But as a longtime originalism enthusiast,  Walker is not going to give up just because he lost an election. He’s going to keep fighting. That may be why he penned this op-ed entitled “We Must Fight Back Against the Wokeism Hijacking Our Founders’ Homes.”  According to, again, the former governor of Wisconsin, the Virginia estate of James Madison some 900 miles away from has been “converted into a bastion of wokeism” by the addition of information regarding slavery.

Needless to say, acknowledgments of some historical facts are unacceptable attacks on America’s heritage.  As Walker explains, reminders of the existence of enslaved Black people in our Founding Fathers’ homes “wipe out the positive contributions made by many of the leading figures of our nation and—ultimately—our founding principles.”

Ginni Thomas’s Text Messages

Ginni Thomas, wife of Justice Clarence Thomas, is a conservative thought leader and member of the world’s most exclusive social club for coup plotters.  Though her work has long been underappreciated, she has recently enjoyed some overdue recognition for a series of text messages she sent in defense of the Constitution in late 2020 and early 2021.

Ginni’s texts are a tour de force of originalist analysis, demonstrating her deep understanding of the Founders’ vision of a government of laws, not of men. Take this one, encouraging former White House Chief of Staff Mark Meadows to support Donald Trump’s effort to un-lose the 2020 election: “Help This Great President stand firm, Mark!!!” she wrote. “You are the leader, with him, who is standing for America’s constitutional governance at the precipice. The majority knows Biden and the Left is attempting the greatest Heist of our History.”

These missives may not have saved our Republic from the menace of a president who received the most votes, but they did provide a rare but dazzling window into the unrelenting genius of one of the nation’s greatest originalist minds.

The Claremont Institute’s Careers Page 

A true originalist can make a living off his originalism.  Typical originalist career paths include accepting a lifetime appointment to the federal bench at the age of 19, joining the faculty of the Antonin Scalia Law School by 33, and becoming one of the three most annoying people in the U.S. Senate before 40.

An prerequisite for a successful career in originalism is a fellowship at a conservative think tank with opaque funding sources and an inscrutable official position on the events of January 6, 2021.  The Claremont Institute, which boasts famed coup lawyer John Eastman as the director of its Institute for Constitutional Jurisprudence, is the ideal place for young Federalist Society members to start building an originalist resume.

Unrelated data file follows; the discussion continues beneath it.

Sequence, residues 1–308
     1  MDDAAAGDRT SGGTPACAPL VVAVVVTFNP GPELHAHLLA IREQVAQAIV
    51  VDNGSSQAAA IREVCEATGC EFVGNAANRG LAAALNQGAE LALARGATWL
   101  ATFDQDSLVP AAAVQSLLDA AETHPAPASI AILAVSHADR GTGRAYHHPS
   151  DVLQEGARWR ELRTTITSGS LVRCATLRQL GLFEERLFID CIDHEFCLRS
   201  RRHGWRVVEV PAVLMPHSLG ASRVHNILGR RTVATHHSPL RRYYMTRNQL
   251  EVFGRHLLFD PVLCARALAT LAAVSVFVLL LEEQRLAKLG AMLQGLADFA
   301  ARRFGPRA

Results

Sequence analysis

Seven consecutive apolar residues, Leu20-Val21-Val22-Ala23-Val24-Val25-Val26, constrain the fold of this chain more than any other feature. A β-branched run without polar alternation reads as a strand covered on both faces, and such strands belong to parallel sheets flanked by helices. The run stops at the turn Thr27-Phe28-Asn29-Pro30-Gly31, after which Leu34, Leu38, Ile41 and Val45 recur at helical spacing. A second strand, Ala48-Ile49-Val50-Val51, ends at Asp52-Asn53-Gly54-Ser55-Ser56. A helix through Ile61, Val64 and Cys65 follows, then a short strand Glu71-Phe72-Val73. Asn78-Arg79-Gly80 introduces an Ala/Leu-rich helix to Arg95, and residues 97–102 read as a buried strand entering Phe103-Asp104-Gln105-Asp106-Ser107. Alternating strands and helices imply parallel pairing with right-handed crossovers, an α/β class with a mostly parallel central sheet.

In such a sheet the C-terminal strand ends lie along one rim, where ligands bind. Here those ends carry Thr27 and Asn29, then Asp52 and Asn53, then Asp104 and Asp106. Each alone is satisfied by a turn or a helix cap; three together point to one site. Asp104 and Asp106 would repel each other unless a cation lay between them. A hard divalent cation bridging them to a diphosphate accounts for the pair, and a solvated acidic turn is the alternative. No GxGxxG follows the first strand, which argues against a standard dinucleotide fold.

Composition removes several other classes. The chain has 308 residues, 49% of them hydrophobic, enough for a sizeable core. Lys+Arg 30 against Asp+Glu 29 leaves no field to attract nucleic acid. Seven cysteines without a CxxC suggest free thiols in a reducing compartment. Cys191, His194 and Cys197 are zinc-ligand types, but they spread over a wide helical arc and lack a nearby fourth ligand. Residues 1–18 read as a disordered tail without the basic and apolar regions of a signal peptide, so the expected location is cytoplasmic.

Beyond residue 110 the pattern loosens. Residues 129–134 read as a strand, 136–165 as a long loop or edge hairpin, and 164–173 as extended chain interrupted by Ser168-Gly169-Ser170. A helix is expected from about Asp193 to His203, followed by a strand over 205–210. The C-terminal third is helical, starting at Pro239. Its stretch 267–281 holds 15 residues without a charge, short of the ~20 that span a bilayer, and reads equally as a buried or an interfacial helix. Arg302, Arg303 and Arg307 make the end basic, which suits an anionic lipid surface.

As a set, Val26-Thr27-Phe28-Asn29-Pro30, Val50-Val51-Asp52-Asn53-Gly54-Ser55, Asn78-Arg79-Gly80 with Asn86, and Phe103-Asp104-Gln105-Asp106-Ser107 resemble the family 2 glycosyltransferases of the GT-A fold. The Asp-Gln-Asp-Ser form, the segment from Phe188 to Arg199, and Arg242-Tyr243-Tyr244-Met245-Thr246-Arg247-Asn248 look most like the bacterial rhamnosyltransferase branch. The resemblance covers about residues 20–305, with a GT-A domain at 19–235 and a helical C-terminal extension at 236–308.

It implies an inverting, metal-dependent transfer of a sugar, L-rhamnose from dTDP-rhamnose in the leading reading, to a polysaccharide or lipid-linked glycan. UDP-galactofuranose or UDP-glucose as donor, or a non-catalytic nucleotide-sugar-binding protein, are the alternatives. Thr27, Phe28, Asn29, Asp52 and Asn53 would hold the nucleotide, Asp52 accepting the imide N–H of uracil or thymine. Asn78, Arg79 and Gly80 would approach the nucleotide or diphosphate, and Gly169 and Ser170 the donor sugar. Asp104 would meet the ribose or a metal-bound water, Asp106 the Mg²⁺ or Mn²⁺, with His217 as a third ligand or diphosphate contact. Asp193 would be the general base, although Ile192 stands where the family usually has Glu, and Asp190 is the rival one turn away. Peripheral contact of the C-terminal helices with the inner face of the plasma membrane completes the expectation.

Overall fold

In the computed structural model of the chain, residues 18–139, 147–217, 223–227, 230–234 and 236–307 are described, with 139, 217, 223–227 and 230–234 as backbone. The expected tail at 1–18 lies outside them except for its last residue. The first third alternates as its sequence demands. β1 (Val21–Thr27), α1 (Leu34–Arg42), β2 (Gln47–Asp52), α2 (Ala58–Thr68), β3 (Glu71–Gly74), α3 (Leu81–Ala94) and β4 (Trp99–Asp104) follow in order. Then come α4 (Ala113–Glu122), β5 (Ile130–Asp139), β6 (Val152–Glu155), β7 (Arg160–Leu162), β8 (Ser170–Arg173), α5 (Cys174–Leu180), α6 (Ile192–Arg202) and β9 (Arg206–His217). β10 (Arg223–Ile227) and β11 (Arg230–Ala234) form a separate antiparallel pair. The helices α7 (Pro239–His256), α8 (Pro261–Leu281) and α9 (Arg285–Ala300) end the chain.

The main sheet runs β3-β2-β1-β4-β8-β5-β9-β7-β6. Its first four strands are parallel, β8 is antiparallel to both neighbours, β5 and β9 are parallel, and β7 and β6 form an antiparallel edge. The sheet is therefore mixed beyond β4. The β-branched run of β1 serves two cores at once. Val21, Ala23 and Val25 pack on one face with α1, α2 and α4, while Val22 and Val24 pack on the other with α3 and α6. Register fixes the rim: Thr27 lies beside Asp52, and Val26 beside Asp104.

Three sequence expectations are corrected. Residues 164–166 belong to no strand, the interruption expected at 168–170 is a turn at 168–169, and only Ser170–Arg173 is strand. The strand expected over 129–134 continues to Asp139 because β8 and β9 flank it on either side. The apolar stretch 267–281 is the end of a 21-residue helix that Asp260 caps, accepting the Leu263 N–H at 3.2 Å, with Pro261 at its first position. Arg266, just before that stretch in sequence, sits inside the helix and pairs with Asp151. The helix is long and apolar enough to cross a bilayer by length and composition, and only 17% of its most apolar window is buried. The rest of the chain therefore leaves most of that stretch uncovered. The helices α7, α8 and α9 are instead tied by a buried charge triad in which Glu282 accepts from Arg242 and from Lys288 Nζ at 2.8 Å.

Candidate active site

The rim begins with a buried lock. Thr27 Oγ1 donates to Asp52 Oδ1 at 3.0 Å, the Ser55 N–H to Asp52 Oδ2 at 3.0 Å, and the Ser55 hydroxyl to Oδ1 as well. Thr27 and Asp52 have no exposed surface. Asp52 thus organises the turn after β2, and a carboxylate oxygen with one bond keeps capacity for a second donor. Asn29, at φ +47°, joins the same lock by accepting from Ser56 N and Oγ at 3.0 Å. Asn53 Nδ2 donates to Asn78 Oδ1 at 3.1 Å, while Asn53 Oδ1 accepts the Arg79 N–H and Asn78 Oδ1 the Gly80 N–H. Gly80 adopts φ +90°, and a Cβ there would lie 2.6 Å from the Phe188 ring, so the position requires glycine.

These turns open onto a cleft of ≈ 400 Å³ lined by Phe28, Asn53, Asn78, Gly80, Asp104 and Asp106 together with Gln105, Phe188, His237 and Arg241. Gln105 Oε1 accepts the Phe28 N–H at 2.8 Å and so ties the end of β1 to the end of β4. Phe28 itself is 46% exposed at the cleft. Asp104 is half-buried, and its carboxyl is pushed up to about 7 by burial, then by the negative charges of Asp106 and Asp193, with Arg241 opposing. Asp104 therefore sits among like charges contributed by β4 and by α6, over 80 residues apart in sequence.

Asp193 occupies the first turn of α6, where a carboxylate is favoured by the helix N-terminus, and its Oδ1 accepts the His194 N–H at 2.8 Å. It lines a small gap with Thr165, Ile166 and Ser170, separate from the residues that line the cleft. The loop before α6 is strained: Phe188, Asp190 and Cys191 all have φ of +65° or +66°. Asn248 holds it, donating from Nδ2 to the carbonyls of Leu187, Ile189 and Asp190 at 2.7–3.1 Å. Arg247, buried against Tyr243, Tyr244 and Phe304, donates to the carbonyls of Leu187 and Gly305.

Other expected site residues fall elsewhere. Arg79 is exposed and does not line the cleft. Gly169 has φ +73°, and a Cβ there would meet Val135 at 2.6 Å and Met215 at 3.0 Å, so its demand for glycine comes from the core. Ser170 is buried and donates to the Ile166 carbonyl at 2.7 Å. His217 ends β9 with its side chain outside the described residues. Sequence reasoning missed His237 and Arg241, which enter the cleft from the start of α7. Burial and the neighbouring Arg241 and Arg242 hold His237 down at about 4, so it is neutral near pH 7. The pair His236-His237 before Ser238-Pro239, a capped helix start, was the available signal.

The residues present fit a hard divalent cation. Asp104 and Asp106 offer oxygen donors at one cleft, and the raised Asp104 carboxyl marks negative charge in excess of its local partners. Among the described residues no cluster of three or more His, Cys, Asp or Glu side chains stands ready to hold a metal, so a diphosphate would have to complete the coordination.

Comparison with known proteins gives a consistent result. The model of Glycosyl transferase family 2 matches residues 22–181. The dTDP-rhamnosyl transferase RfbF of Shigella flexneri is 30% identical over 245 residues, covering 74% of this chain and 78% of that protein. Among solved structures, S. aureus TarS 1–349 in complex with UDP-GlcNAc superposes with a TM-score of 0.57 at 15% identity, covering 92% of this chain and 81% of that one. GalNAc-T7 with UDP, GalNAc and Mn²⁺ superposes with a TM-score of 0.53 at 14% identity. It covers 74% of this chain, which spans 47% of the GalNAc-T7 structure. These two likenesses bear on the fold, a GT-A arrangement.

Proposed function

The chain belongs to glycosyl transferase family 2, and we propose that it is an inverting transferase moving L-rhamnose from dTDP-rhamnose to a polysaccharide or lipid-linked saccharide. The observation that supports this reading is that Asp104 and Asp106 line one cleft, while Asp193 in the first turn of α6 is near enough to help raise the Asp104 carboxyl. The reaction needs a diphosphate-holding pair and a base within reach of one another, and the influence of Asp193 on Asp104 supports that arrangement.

The Constitution

An originalist interpretation of the Constitution sometimes involves the Constitution itself.  But the words of the Constitution are often an originalist’s greatest foe.  For example, first thirteen words of the Second Amendment—“a well regulated militia being blah blah blah”— are in direct conflict with the Second Amendment’s original meaning, which is that your semi-automatic handgun is your little darling child that you may carry at your hip wherever you please, even if it terrorizes your neighbors and their actual human children who have been incrementally traumatized by the ceaseless daily flow of gun violence since the moment they were born.

Similarly, the text of the Fifteenth Amendment, which appears to suggest that there’s some kind of “right to vote” that cannot be “abridged or denied” on account of “race,” can be problematic for originalists. It is another obvious departure from the Constitution’s original meaning, which is that there is no affirmative “right to vote,” and even if there were, that right could be abridged on account of race, as long as the abridgers are simply helping Republicans win elections.

Subduing such constitutional language while maintaining the appearance of legal legitimacy is not always easy.  But armed with the right source material and a six-person majority on the Supreme Court, a skilled originalist should be up to the task.